Monday, October 1, 2012

Halloween Swappin'

I have been feeling fall. Not that it feels like fall here, with our just shy of triple digits heat still going on. I am ready for fall. I am ready for pumpkins, cool breezes, colorful leaves, soups, long sleeves, cardigans, and rubber boots. I love the smell of damp earth. I can't wait. I love all of fall, but with two growing girls, Halloween is pretty big around here. "Any Reason to Decorate!" is our motto! To get started on the fall fun, I joined a few swaps to get my creativity flowing.

The first one I joined was a Halloween Cracker. Growing up with a best friend who's mother is from England, I was familiar with what "Crackers" were. It is basically a cardboard tube that is wrapped in wrapping papers, and tied off at each end. In the tube are a paper crown, a joke (a really bad joke usually), and a trinket of some kind. You grasp both ends and quickly pull, releasing the treasure hidden inside. We open ours during Christmas dinner, put on our crowns, read our jokes, and have a rousing round of bartering for prizes. When I saw the Halloween Cracker swap, I knew that I had to join. We had to take tp roll, decorate it with a Halloween theme and then fill it with trinkets and crafting supplies for our partner, and one piece of jewelry. Without further ado, my cracker debut...
This is the front of the cracker. I used vintage black crepe paper sheets as the base, Pink Paislee and 7 Gypsies Halloween papers, May Arts Ribbons, Vintage Seam Bindings, Bakers twine, vintage glass glitter, Tim Holtz Distress inks, and bits and bobs collected from around the studio.
This is the view from the side. I used my big shot, and Tim Holz sizzix rosette die to cut the paper for the layered rosettes on the front of the cracker.
The left side, featuring glass glittered die cut bats, torn edges on the crepe paper, and my special grunged up and distressed seam binding ribbon. I had the honor of taking a class with Tim Holtz last year, where we made a mixed media collage canvas. I took away many great ideas from him, but one of my favorites was the simple way to distress and age seam binding. I wadded it up into a clump, sprayed it with about 3 colors of Tattered Angels mists, over lapping the colors, hold it into a clump with a wooden skewer, and hit it with the heat gun. It sets all of the wrinkles, but also fades out the colors a bit so it looks worn and aged.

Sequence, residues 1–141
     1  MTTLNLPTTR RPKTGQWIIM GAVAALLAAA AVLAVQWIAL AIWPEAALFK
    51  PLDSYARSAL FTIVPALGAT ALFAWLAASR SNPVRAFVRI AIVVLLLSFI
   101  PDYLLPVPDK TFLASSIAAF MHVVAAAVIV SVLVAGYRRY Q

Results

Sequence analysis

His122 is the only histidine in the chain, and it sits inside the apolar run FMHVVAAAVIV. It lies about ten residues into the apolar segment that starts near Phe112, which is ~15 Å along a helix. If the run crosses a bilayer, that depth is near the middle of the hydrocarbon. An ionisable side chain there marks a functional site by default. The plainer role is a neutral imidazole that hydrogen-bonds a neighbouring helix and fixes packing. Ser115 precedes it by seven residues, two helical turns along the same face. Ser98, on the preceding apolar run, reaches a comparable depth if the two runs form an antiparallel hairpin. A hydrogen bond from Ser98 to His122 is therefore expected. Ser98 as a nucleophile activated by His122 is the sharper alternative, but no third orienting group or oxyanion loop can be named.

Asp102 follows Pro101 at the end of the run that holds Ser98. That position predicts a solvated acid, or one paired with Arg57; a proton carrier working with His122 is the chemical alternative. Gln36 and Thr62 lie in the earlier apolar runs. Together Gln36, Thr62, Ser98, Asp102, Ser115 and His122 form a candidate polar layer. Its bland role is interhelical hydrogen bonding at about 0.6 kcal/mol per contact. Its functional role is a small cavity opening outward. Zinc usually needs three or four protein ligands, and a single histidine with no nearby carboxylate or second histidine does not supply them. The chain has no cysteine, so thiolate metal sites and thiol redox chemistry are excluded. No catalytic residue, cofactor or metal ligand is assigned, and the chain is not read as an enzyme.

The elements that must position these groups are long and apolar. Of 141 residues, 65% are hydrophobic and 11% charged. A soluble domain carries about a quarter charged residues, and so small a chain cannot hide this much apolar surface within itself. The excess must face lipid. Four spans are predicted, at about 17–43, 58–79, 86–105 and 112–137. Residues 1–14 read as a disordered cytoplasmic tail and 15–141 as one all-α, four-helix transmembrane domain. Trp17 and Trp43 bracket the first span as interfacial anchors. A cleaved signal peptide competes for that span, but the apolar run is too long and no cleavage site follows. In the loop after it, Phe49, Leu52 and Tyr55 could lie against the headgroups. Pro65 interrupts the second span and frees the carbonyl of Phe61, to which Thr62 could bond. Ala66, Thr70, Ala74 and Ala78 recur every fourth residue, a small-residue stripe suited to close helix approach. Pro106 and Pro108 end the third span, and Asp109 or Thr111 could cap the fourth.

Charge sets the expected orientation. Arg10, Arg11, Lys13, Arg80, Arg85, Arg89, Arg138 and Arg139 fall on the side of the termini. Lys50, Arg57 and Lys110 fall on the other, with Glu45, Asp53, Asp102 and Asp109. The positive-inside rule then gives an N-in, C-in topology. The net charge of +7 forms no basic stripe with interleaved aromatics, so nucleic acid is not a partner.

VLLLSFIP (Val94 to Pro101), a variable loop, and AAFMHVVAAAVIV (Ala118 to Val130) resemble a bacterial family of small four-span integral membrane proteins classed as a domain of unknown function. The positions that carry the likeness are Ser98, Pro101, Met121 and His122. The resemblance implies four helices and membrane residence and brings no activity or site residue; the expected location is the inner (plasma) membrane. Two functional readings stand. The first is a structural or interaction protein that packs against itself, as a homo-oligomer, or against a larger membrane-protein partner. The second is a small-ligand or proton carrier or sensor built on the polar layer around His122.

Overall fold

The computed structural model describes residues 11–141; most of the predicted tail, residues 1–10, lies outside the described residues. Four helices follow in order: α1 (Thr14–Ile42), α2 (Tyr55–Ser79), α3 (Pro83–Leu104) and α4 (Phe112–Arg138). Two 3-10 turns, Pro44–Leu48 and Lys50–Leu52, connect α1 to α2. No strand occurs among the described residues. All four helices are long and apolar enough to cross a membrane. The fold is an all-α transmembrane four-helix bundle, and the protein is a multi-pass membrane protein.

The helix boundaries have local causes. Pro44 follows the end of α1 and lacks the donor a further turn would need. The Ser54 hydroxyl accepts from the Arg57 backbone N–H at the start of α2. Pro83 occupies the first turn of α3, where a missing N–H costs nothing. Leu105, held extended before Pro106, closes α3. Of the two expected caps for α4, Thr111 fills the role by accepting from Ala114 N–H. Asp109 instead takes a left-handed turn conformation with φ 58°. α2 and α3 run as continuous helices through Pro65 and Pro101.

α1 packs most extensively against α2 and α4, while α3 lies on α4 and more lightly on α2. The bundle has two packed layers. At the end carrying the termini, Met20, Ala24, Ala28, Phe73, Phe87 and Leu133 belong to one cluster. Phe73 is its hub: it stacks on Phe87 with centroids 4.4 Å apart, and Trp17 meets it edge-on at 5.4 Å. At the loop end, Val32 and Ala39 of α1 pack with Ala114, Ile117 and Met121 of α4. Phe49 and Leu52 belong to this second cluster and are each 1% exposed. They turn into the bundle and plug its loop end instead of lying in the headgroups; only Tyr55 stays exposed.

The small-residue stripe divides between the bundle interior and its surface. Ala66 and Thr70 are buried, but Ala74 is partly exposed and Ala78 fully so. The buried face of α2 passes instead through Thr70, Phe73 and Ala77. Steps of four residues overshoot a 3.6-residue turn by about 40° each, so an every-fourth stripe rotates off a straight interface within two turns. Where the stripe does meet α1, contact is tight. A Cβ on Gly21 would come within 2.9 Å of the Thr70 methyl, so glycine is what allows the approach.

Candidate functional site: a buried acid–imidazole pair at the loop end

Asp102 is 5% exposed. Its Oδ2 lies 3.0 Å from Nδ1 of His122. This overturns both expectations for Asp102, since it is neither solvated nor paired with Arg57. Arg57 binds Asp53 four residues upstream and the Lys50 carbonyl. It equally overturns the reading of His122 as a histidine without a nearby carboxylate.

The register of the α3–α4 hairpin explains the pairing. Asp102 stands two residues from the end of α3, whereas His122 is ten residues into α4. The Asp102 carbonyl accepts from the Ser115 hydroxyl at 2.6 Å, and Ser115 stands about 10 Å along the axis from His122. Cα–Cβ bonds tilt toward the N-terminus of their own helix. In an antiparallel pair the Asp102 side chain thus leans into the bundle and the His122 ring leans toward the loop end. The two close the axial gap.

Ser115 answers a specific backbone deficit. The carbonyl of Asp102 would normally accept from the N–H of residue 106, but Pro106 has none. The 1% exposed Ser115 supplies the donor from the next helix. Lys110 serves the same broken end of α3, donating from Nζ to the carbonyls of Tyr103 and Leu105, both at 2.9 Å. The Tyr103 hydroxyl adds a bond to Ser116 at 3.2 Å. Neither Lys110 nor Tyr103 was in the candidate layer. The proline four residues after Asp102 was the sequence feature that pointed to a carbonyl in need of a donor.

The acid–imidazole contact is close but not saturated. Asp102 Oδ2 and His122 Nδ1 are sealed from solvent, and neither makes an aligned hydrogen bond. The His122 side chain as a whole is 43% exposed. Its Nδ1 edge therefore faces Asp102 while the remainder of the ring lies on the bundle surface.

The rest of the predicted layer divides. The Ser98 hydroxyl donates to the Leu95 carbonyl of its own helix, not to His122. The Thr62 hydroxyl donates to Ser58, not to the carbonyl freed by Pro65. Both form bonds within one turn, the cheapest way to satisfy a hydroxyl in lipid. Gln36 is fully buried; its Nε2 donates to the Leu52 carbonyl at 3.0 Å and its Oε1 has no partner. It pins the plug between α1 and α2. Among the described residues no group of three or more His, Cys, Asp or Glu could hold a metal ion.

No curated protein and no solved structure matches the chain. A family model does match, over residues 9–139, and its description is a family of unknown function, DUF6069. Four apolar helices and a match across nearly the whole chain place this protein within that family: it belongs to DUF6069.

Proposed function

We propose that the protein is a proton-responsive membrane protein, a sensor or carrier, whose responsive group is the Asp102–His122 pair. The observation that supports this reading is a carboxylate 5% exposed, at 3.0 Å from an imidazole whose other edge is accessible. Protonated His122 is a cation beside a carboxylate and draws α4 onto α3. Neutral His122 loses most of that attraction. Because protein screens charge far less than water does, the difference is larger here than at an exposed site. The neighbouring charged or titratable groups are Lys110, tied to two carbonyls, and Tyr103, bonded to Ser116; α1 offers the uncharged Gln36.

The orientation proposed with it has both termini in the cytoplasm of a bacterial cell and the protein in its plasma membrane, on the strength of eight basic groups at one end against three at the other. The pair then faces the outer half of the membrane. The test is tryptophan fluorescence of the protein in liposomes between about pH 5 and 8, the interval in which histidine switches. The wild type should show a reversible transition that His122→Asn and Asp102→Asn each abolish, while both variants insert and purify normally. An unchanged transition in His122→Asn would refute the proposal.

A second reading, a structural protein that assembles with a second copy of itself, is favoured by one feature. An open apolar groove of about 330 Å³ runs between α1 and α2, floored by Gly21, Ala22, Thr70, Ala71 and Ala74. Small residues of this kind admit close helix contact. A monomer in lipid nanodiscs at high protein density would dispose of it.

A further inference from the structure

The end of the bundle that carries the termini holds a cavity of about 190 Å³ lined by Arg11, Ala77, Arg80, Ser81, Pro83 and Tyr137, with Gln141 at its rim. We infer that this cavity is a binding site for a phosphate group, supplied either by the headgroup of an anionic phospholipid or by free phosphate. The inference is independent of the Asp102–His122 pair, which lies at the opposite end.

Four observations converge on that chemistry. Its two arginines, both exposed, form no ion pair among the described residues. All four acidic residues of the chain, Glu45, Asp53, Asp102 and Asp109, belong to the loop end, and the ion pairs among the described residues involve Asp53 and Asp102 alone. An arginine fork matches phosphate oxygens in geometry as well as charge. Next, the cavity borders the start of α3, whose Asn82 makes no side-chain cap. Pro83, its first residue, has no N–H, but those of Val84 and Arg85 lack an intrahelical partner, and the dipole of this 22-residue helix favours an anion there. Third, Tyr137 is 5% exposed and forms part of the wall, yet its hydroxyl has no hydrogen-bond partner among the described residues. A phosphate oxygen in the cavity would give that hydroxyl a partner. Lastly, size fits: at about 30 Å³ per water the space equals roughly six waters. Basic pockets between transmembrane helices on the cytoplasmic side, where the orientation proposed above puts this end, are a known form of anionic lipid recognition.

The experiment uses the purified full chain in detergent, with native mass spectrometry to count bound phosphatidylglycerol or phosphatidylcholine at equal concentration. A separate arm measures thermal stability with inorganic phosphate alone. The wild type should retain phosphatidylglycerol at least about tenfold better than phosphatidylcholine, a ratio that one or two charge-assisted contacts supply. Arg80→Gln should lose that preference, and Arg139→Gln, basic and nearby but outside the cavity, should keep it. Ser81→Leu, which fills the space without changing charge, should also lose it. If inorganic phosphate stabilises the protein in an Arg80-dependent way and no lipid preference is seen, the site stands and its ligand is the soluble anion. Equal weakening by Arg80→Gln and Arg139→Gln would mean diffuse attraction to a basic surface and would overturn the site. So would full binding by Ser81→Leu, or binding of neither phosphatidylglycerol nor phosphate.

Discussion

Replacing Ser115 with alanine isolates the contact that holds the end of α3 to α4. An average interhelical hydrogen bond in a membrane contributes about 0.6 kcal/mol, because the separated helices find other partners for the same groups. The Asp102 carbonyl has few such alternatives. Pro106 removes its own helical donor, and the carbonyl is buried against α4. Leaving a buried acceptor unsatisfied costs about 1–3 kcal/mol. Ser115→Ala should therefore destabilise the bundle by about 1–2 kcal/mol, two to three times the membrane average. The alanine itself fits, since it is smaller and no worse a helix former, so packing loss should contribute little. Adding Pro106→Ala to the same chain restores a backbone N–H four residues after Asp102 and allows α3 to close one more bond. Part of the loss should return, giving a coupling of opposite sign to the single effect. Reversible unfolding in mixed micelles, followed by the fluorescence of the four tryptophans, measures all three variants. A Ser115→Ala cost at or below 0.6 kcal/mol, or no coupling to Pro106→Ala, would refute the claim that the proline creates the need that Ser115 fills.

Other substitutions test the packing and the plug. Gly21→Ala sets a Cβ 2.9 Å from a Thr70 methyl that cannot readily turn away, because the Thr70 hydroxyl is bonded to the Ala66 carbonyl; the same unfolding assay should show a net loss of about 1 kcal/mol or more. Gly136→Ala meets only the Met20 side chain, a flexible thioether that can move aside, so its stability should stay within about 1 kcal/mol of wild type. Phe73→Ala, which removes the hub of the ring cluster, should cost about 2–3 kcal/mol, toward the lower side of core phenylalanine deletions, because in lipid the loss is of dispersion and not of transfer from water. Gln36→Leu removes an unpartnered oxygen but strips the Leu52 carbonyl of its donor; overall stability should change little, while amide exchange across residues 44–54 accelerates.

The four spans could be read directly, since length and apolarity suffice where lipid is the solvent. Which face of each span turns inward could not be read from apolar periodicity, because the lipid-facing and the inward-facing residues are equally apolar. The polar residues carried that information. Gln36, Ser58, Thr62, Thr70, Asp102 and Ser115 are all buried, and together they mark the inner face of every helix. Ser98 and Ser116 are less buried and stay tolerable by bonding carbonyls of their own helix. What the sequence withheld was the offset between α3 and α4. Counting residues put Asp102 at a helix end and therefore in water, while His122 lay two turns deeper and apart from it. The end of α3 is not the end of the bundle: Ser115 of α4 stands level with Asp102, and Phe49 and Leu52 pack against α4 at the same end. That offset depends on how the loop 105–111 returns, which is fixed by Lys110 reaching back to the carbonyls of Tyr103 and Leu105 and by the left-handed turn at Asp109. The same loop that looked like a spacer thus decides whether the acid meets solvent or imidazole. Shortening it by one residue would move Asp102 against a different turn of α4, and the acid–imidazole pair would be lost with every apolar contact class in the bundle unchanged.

The right side of the cracker also features my layers of ribbons, and a little aged ticket.
I like to age and distress everything. I just feel that it blends the pieces together into one cohesive piece. usually I use 2-3 shades of browns in the distress inks, with my ink blending tool, to get the look I am after. When I am working with black, it just doesn't look quite right to me unless I also blend in the black. You have to use a light hand as to not overdo it. I start out using Vintage Photo Distress Ink, and give it the first pass, I am most liberal with this step, I come back over it with Walnut stain, a little more lightly, and a little heavier at the edges, blending out slightly. The last color I use is the black, running the edges of the paper along the pad to get a defined line, and then I go over it with the foam blending tool, just slightly rubbing it out. I was happy with the way this one came out :o)

The necklace I made to go inside, a bit of old sheet music..a scrap of aged seam binding and a spooky cameo!

Hope she likes them!

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